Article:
American Trails and our partners applaud the Senate's bipartisan effort to pass the Great American Outdoors Act by a bipartisan vote of 73-25.
Today, the Senate passed the Great American Outdoors Act (GAOA) by a bipartisan vote of 73-25. A broad and effective coalition of supporters helped to bring about this landmark legislation, leading the effort to include maintenance backlog funding for the U.S. Forest Service, Bureau of Land Management and U.S. Fish and Wildlife Service; bringing together more than 100 outdoor recreation businesses in support of GAOA; garnering Senate support and much more. We thank everyone that pitched in for their tireless work to pass this legislation.
“The Great American Outdoors Act is the single greatest piece of conservation and outdoor recreation legislation before Congress in decades,” said Jessica Turner, executive director of Outdoor Recreation Roundtable. “Its overwhelmingly bipartisan passage in the Senate is proof that the outdoors crosses party lines and resonates with all Americans. We applaud Senate Republicans and Democrats for working together tirelessly to get this done. The entire outdoor recreation industry thanks every Senator who supported this bill and urges the House to move quickly to pass this measure so we can finally fully fund LWCF and begin the much-needed work on rebuilding infrastructure on our public lands and waters.”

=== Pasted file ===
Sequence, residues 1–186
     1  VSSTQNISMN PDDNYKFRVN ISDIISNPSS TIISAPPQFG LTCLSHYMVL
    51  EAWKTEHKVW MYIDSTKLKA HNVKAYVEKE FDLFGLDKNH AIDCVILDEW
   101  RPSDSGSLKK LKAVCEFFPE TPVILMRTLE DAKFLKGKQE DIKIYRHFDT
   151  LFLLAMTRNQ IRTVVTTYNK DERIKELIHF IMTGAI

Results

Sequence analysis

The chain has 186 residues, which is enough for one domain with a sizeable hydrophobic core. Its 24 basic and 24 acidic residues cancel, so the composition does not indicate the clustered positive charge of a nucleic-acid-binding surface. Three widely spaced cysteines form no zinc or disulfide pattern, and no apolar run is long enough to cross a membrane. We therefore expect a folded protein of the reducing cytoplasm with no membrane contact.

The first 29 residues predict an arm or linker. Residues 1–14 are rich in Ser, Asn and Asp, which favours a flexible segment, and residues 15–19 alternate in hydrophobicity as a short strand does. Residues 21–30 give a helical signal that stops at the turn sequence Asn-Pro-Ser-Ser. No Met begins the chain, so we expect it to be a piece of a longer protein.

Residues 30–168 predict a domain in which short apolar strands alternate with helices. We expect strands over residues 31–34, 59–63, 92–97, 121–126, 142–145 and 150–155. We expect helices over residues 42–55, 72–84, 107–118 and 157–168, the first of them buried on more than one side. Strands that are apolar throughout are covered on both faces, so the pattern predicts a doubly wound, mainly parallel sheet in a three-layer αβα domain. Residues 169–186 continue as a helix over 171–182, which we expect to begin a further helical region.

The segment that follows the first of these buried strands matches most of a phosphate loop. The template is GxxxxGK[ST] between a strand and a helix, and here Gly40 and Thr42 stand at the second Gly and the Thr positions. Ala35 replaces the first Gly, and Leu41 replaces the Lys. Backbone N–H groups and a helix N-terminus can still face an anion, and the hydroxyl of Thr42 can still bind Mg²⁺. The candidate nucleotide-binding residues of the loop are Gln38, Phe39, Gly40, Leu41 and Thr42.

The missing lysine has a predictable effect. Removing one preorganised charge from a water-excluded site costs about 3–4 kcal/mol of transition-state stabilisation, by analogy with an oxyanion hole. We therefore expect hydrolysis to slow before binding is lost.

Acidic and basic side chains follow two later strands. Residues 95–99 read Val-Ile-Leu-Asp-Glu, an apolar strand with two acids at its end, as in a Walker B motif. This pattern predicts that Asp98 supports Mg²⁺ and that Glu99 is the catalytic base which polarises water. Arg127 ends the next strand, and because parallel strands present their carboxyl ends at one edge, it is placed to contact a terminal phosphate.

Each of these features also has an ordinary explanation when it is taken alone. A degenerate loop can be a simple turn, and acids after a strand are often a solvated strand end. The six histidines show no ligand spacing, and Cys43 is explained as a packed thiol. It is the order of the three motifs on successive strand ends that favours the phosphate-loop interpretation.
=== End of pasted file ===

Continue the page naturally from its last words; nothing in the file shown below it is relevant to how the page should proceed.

The bill now moves to the House where we hope to see quick passage.
Published June 17, 2020
This Comprehensive Management and Use Plan / Final Environmental Impact Statement for the Oregon, California, Mormon Pioneer, and Pony Express National Historic Trails is shaped, in part, by the planning requirements found in section 5(f) of the National Trails System Act. It focuses on the trails’ purpose and significance, issues and concerns related to current conditions along the trails, resource protection, visitor experience and use, and long-term administrative and management objectives. Elements of the proposed plan have been developed in cooperation with federal, state, and local agencies, as well as nonprofit trails organizations — the entities that form the core of any partnership for national historic trails.
The strategy described here provides guidance for the administration of the entire trail and a vision to be fulfilled through future, specific resources studies, and site and segment management plans. Much of the basis for the “Comprehensive Administrative Strategy” was developed during the earlier comprehensive management plan efforts.
The Bureau of Land Management’s (BLM) National Landscape Conservation System Office is pleased to provide you with the National Scenic and Historic Trails (NSHT) Strategy and Work Plan. The purpose of this national-level strategy is to provide a 10-year framework for the development of program guidance and direction for improved management of the BLM’s NSHT Program.
This manual provides the Bureau of Land Management (BLM) policy and program guidance on administering congressionally designated National Trails as assigned by the Department of the Interior within the National Landscape Conservation System (NLCS) and this manual describes the BLM’s roles, responsibilities, agency interrelationships, and policy requirements for National Trail Administrators